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entire contents copyright 2010 by Tony Annicone

"The Voysey Inheritance"

Reviewed by Tony Annicone

The fourth show of 2nd Story Theatre's season is "The Voysey Inheritance". The show was written in 1905 by Harley Granville-Barker and David Mamet has adapted the show into 2 acts from the original 5 act show reducing it from four hours to two."The Voysey Inheritance" is an impeccably crafted yarn chronicling a family in the midst of a moral dilemma. For generations, the Voysey family business has been cheating its clients, they spend all the investors' capital to support a lavish lifestyle. And when an honorable son inherits the company, he's horrified to discover the secret of his family's wealth. Edward Voysey who has just inherited the reins of the firm and breaks the bad news, is the only member of the family moved to shame at the discovery that the just-deceased paterfamilias had been bilking clients to support his family in style. Edward is determined to call in the law, come clean and face the consequences. His discovery that this path may not be as easy to pursue as it seems forms the substance of this play. The only problem is he will have to continue to carry on the practices of his father while he does so. All would have worked out had it not been for an old friend of his father that doesn't trust Edward and demands all of his money. An Edwardian-era Ponzi scheme, the show is part drawing room comedy, part love story, part business-and-finance drama. Granville-Barker's very prescient, very timely tale could have been ripped from today's headlines. Does the name Madoff ring a bell? Ed Shea leads his 12 member cast in an entertaining and energetic show of intrigue of a family in crises. This show reaches high levels of intensity that have the audience gasping at what they are witnessing. The performers in this show mesmerize the audience.

Ed casts these roles beautifully and obtains brilliant portrayals from his cast. There is only one entrance into the room where people come in for a discussion on what has happened.The topnotch lighting is by Ron Allen and the gorgeous early twentieth century costumes are by Ron Cesario. Production manager Max Ponticelli keeps things running smoothly. Bob Colonna charms the audience as the father who is a financial sociopath who doesn't care about who he has stolen the money from. He explains he borrowed it to use in stock market speculation. Bob does topnotch work in the confrontation scene with his son Edward. His line to Edward that he is his father's son tries to justify the older man's position Jeff Hodge is every bit his acting equal as the conscientious son who wants to repay the firms clients. He shows the dilemma and problems he faces now that he knows the truth. Jeff is onstage the entire show and delivers a wonderful portrayal as he explains precise entries in the ledger to his father as well as his interactions with his siblings, his mother and the other characters in the show.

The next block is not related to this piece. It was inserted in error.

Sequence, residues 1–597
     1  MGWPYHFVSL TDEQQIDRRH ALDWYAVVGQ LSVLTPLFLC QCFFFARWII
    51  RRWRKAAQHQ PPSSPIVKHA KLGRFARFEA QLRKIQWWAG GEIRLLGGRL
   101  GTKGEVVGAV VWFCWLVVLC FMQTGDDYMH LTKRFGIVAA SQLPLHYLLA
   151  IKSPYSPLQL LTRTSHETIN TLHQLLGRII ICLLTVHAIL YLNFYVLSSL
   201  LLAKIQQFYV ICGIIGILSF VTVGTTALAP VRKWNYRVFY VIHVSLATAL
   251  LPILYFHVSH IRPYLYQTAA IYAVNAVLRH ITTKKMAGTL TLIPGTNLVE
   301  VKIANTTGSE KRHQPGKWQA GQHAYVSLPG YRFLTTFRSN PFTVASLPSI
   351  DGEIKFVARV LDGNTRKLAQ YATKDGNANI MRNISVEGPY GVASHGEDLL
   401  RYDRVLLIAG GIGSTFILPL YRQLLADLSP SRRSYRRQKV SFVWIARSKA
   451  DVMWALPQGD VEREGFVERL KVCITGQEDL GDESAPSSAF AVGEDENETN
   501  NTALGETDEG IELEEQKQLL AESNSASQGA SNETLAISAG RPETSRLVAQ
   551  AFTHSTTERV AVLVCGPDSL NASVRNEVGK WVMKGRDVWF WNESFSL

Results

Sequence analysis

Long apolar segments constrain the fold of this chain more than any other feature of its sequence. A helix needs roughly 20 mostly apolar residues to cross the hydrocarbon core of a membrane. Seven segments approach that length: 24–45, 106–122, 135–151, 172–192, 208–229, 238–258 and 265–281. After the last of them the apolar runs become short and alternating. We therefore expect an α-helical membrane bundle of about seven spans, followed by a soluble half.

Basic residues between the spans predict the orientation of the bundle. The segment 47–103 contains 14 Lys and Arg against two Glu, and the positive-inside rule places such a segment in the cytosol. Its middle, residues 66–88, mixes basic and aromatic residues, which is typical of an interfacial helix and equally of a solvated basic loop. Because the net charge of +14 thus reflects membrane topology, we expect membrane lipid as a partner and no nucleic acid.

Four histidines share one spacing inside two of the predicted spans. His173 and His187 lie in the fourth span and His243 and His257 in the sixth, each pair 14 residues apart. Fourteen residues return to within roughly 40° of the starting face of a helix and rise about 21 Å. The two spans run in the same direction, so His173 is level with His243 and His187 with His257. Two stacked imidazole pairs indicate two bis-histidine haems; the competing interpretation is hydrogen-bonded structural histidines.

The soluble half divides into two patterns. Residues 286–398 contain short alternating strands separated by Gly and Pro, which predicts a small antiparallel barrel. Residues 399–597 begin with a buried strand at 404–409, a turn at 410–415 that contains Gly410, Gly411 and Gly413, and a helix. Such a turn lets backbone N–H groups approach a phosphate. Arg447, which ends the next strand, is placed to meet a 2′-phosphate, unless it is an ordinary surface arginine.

Edward has 5 siblings, three brothers and two sisters.Ara Boghigian is Hugh who is an artist, doesn't give a hoot about the money gives a terrific performance in this role in the second act where he confides in Edward and later argues loudly with Booth. Nick Thibeault is Trenchard, a lawyer who is pompous and boorish, proclaiming he never got along with their father. Michael LoCicero plays Major Booth, wears mutton chop whiskers, commands the stage as the boisterous brother who runs roughshod over everyone. Booth is blustery and demanding, claims they must keep the honor of the family intact. Honor, the no-nonsense sister and Ethel, the naive younger sister are played by Erin Sheehan who helps save the day for Edward in the Christmas scene and Elise Arsenault who is a spitfire in this role. His mother is wonderfully played by Joan Batting who lends a deaf ear to his pleas to right the wrongs of the past and says her inheritance is separate from the tainted money.His one ally in the house is Alice Maitland, his childhood sweetheart played beautifully by Lara Maynard. She gives the character the warmth and understanding of Edward's plight beautifully and gives the show a surprise ending. Jonathan Jacob plays Peasy, the main clerk in the firm who demands hush money from Edward. He does a topnotch job in this scene as the smarmy clerk. Tom Oakes as George Booth, the firm's main client who trusts the father implicitly but not the son who is more honest and truthful. Tom and Jeff's scene in the second act crackle with sparks at Tom's emotion packed performance. Rounding out the cast is Burr Harrison as the money hungry minister. So for an interesting look back in this new adaptation by David Mamet, be sure to catch "The Voysey Inheritance". The more things change, the more they stay the same and the audience discovers what was reprehensible in 1905, is still so over a hundred years later.

"The Voysey Inheritance" (12 March - 11 April)
2ND STORY THEATRE
@ 28 Market Street, WARREN RI
1(401)247-4200

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